To provide relief to millions of Americans who have taken out student loans to pay for their college, Senator Elizabeth Warren (D-MA) and Representative James E. Clyburn (D-SC) on Thursday announced that they plan to introduce bicameral legislation to cancel student loan debt.
If approved by both houses, the bill could cancel the debt of 75 percent of student borrowers. The bill, which will supposedly be introduced in the coming weeks, will also include critical policies to help people with any remaining student loans after cancellation, including meaningful student loan bankruptcy relief.
“For far too many students and families, the cost of higher education has meant daunting debt and a lifetime of student loan repayments,” Clyburn said in a statement. “We need to allow people to get the kind of post-secondary education that will help them achieve their dreams and aspirations, and earn a living to become productive members of society.”
We can’t build a future by crushing the dreams and hopes of our young people. That's why Rep. James Clyburn and I introduced a bill to cancel up to $50,000 of your student loan debt, so that you can achieve your goals and dreams. #CancelMyDebt pic.twitter.com/pY0ociqDq8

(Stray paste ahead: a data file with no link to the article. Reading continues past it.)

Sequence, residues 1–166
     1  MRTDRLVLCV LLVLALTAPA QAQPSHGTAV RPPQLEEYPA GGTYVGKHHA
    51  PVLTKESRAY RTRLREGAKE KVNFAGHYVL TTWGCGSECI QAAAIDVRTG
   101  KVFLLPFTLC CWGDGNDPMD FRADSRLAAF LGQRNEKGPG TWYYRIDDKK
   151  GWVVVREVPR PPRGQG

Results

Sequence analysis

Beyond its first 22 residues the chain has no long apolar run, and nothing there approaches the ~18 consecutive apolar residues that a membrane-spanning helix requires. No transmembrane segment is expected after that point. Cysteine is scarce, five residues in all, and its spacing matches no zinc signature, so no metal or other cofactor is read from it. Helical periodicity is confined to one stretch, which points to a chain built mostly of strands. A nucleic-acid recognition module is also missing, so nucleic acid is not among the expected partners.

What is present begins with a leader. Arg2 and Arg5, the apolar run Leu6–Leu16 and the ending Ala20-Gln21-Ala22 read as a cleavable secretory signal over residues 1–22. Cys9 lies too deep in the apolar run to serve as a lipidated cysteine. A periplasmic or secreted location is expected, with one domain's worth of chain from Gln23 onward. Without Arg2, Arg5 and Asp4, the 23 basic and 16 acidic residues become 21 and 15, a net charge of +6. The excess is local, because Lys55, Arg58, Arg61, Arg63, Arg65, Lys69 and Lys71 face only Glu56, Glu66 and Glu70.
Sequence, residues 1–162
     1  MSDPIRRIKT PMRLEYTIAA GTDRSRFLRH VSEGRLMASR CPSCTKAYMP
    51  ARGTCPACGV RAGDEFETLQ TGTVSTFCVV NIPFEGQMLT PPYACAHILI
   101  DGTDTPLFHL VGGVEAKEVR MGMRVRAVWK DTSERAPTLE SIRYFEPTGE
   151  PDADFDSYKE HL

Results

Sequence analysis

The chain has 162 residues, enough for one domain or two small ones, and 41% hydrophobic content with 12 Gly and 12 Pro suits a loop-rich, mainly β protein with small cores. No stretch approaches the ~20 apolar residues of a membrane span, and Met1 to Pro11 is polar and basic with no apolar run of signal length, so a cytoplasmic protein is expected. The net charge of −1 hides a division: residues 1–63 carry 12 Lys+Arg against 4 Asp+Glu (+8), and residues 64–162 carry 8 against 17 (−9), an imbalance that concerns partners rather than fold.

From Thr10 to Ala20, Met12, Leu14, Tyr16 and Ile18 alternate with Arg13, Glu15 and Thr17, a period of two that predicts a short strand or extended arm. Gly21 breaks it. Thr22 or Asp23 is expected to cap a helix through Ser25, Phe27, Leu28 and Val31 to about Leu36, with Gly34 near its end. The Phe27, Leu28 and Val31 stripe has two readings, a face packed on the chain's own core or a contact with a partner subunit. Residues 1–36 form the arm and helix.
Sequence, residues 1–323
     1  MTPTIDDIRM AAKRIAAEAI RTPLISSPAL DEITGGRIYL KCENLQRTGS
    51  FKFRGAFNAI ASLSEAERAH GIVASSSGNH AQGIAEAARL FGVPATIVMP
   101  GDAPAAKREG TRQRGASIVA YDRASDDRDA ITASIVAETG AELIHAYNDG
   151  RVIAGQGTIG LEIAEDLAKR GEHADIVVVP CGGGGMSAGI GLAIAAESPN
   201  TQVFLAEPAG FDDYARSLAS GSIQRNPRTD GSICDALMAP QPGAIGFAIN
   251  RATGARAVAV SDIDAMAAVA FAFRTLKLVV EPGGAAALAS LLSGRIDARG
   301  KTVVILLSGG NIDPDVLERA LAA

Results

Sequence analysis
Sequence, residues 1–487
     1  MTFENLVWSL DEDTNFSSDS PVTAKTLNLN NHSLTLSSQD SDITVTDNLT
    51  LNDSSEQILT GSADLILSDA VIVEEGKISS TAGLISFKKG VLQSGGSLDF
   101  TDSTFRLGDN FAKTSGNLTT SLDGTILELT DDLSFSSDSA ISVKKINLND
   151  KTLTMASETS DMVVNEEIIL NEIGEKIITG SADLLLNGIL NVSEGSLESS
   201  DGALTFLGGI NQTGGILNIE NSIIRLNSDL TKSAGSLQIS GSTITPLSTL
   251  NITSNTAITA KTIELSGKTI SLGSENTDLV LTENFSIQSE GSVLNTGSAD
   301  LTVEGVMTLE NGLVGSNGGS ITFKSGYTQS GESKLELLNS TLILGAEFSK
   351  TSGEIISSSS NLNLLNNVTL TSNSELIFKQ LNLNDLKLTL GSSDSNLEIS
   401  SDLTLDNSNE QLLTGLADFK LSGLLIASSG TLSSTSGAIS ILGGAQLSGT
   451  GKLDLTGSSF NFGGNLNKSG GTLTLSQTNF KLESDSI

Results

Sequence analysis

— Elizabeth Warren (@ewarren) June 16, 2019
Nearly 42 million Americans collectively owe $1.5 trillion in student debt, and 7.2 million individuals are currently in default on those loans. Borrowers of color are significantly affected by such loans. A recent study conducted by the University of Illinois and the University of Michigan found that loans negatively affected the wealth accumulation of Black and Hispanic adults who owed an average of $14,670 when they graduated, compared to $2,946 for students of other races.
Among Black students, 55 percent of males and 45 percent of females default on their loans within 12 years of starting college. This number stands at 35 percent for both male and female Latino students.
Student loan debt is also one of the major causes of stress among working adults. Currently, seven out of 10 working adults with student debt identify their finances as their major source of stress. Most of them are also pessimistic about making good progress when it comes to paying off their student debt.
“The student debt crisis is real and it’s crushing millions of people — especially people of color,” Senator Warren said in a statement. “It’s time to decide: Are we going to be a country that only helps the rich and powerful get richer and more powerful, or are we going to be a country that invests in its future?”
Warren, who is seeking the Democratic presidential nomination, earlier issued a detailed plan on student debt forgiveness which proposes canceling $50,000 of student debt held by borrowers with household incomes under $100,000. Those belonging to families which earn $100,000 to $250,000 would be eligible for relief on a sliding scale.